A local father and son were being heralded as heroes on Tuesday after saving the life of their friend by performing CPR on him in West Yellowstone on Saturday.
The father and son, Rex and Blake Portmann, had just attended a CPR class two days before the incident.
Their friend, Tom Angell, needed CPR because he was having a heart attack.
Angell is an independent contractor and he used to run the Portmann's family ranch, the Diamond P.
This year, the Portmanns took control of operations again, and were helping Angell move his equipment out of their barn, when all of the sudden, he collapsed.
Blake Portmann watched Angell walk into his family barn, and go down.
"I just thought he fainted, and he didn't faint because we couldn't feel a pulse or anything like that, so we just immediately started doing CPR on him," Blake Portmann said.
Blake Portmann started doing chest compressions right away, and yelled for his dad, Rex Portmann.
"I saw what was happening, and then, all I know is, I was there. You know, I was here and there," Rex Portmann said.
Blake and Rex Portmann and Rex's son-in-law Charles traded off doing chest compressions for 20 minutes.
"And that was the longest 20 minutes I've ever waited in my life," Blake Portmann said.
Just 48 hours earlier, Rex and Blake Portmann were learning to do chest compressions for the first time in a long time.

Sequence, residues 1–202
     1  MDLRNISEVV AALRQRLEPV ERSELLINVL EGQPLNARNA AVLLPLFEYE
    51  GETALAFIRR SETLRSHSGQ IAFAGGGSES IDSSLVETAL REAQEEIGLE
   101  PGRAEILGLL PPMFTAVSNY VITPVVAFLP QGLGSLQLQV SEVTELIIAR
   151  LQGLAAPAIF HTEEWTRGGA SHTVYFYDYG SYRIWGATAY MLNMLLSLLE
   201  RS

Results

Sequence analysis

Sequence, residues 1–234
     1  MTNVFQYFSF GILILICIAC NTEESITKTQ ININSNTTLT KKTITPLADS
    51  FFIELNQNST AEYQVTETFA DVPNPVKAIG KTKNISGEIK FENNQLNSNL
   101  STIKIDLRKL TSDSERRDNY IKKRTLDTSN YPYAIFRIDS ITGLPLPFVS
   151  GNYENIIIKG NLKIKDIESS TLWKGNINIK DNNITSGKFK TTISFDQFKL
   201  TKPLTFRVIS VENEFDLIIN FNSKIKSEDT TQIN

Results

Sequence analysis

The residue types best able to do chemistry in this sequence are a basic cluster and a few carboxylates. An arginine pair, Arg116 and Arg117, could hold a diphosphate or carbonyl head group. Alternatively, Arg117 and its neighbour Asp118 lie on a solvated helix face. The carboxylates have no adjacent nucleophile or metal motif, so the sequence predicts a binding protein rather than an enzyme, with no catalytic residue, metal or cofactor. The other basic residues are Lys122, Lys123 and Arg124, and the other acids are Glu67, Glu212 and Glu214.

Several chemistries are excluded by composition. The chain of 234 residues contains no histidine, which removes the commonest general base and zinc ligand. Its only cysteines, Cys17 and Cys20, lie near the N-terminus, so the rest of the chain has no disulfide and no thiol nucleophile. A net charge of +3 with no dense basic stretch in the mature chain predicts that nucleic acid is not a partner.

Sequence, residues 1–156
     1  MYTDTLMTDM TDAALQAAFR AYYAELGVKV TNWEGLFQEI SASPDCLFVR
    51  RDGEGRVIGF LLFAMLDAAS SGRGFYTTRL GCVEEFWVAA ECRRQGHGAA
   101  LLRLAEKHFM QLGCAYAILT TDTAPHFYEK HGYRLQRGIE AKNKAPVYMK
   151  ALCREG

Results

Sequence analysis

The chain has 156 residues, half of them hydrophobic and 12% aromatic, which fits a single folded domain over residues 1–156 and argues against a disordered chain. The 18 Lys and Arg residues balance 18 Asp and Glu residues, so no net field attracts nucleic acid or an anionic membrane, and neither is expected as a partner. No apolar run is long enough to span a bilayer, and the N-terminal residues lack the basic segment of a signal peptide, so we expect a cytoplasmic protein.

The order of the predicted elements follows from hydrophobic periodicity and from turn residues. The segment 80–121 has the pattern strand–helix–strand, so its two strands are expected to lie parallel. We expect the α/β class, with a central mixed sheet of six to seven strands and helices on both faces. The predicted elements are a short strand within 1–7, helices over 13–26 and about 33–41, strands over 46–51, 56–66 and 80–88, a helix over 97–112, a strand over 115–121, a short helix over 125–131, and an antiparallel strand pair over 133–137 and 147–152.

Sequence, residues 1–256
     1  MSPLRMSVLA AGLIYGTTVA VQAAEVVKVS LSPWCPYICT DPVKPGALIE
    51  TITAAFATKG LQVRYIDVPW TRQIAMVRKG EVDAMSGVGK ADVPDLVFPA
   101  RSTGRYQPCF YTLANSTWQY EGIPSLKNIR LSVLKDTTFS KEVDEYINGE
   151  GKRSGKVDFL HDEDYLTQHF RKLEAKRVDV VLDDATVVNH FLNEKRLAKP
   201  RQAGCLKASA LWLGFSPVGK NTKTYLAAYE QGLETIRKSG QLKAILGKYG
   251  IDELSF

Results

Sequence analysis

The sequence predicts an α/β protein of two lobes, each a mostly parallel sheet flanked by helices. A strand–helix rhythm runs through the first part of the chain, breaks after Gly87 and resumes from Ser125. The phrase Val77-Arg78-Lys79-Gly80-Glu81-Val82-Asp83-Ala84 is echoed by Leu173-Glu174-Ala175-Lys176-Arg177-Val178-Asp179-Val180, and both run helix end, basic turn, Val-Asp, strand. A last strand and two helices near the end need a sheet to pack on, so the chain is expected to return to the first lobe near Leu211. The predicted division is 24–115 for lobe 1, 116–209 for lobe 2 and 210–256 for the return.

"The last time I was CPR certified was in 1988, maybe '89?" Rex Portmann said.
The Portmanns' teacher, Sharra Nelson, said she had just passed out a hands-only CPR card to her class last Thursday night, and both of the men remembered that card when they started working. She said this incident is proof of how important it is to become CPR certified.
"Instead of just standing around waiting for the EMS to show up, we want you to get down and start doing compressions, because just the compressions only can save a life," Nelson said.
And in this case, it did.
"It was a simple class, it was three hours, but it was worth every second that I was there," Blake Portmann said.
After EMS showed up, Angell was airlifted to Eastern Idaho Regional Medical Center.
Angell is still in the hospital, but is now in stable condition, said Rex Portmann.
Both Portmanns work at Portneuf Medical Center. They were getting certified as part of their U.S. Forest Service permit for the guided horse tours they do at Diamond P Ranch in Yellowstone National Park.